The Telos of Teaware

This is a draft section of my upcoming book “An introduction to the art and Science of Chinese Tea Ceremony”. Please help improve it with your comments, suggestions, and hate mail!

What is the goal of teaware? To what end does it exist for? Was that decided by the maker or the user?

In the simplest utilitarian approach, it may be said that any ware used is for the purpose of moving tea from its dry, leafy form to the mouth as a drinkable liquor; this is appealing as it is both simple and true. Yet, it ignores both the intent of the artist who made the wares, and the experience of the brewer and guests in the ceremony.

From the Functionalist approach, we know that a ware must be the most suitable choice for a tea as a reason for its use; beauty is a consideration but secondary to its function. With this approach could it be said that the purpose, the telos, of a thick yixing is to brew strong tea?  Was that the intent of the artist, and thus the most suitable use of the ware?

The Functionalist approach gives us a few answers; I’m sure we have all seen unusable ‘tea pots’, pots that were made as art instead of ware. The functionalist approach has us, practitioners of GongFu, ignore those. Their Telos is not tea.

From the Functionalist approach, what can be understood from the intent of the artist? Nothing. A single ware is a momentary glimpse of the artists vision, an exhibition of his pieces not but a brief window into his thoughts. The goal of the artist is to make wares, while the goal of the practitioner (if the pieces are usable) is to use the wares. The telos has changed from one person to the next, from one use to the next.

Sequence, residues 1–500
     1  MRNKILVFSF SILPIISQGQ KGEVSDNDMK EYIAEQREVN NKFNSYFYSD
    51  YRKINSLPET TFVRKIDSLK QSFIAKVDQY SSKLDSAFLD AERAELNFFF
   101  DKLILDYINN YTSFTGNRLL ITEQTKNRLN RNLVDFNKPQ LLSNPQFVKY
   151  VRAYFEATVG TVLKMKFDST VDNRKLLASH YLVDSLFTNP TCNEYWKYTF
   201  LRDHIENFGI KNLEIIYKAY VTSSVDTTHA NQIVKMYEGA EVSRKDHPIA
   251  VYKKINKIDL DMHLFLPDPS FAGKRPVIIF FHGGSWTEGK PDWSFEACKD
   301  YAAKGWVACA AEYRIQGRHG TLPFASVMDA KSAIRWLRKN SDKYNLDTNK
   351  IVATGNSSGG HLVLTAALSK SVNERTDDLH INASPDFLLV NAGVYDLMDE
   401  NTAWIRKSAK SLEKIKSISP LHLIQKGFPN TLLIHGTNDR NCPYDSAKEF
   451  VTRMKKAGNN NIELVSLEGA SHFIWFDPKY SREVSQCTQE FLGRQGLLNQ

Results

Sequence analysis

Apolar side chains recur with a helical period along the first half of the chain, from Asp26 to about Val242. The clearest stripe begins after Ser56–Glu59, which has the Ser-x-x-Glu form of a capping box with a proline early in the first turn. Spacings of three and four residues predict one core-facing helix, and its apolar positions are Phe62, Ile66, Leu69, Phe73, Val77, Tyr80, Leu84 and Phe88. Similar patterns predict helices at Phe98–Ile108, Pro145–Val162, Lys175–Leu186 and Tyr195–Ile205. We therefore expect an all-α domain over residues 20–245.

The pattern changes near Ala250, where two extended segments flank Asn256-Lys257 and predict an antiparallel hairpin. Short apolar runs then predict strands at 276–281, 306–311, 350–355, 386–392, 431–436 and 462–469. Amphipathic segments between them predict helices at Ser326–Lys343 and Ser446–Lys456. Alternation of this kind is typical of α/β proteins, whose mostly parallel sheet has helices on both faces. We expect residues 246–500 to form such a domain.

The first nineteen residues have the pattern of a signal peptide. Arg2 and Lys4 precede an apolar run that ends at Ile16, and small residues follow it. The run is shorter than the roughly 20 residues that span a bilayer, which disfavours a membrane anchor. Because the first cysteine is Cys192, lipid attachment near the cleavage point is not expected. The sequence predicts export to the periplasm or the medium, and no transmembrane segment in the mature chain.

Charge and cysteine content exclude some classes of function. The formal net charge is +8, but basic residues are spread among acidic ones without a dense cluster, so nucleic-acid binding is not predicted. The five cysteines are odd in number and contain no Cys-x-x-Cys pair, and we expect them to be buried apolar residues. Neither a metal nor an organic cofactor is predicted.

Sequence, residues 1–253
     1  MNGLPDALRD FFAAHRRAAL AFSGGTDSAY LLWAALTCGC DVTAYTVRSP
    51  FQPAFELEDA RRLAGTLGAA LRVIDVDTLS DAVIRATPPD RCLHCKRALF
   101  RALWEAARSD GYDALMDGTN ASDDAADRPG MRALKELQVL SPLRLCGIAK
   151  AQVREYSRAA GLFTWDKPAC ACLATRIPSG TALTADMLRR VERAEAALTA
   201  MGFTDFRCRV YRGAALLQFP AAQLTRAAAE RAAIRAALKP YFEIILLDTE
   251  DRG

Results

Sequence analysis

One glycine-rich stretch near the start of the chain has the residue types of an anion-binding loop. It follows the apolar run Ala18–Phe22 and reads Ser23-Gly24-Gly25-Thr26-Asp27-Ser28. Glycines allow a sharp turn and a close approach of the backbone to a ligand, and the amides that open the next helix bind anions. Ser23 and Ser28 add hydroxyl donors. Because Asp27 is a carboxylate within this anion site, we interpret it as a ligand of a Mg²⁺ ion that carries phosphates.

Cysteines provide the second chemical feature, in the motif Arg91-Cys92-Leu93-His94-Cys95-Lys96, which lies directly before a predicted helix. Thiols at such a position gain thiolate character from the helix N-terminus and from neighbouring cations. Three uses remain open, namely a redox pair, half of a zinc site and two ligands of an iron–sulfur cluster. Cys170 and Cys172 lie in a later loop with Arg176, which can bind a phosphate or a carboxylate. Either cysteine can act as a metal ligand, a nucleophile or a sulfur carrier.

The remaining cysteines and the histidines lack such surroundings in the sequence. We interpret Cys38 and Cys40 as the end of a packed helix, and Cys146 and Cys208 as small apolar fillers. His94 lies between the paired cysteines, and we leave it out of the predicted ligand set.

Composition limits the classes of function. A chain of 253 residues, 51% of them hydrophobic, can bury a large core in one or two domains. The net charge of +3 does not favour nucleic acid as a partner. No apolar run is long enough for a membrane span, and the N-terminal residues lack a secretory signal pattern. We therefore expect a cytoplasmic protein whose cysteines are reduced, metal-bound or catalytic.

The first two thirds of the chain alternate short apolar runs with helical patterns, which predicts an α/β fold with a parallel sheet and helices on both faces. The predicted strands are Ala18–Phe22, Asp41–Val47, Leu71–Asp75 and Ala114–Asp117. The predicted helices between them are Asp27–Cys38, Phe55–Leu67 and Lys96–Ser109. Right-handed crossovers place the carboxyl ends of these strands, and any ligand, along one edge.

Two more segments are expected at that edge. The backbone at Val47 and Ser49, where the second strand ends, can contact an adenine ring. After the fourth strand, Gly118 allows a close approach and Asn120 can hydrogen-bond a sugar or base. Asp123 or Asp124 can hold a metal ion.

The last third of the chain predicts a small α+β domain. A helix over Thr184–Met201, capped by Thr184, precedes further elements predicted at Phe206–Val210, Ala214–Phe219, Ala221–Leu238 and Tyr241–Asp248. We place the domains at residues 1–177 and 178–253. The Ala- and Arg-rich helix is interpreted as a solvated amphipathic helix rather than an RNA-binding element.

Finally, the Phenomenist approach; we know we must consider both how the wares will affect the tea, and how the wares will affect the individuals. Where is the Telos? The Telos is in the interaction of your skill and brewing technique with the ware, and in the artist’s intent to give rise to emotion from the ware.

In the Phenomenist approach you choose the wares to create a ceremony for yourself and the guests. The wears you choose dictate the form of the ceremony (for example, you can’t perform ChouZhou GongFu with a Gaiwan), and it is from that choice that the wares take on their Telos – the telos has changed by its use.

In the Phenomenist approach the artists intent also becomes a part of a wares use; we have said that the wares are a glimpse into an artist’s thoughts and those thoughts leave hints at emotions. Collectively, the wares you chose will influence your emotions and your guests. The wares you chose will color the way you experience the ceremony and the tea; this must be considered part of the reason for any single piece, and collectively, the telos of the entire set you choose to brew with.

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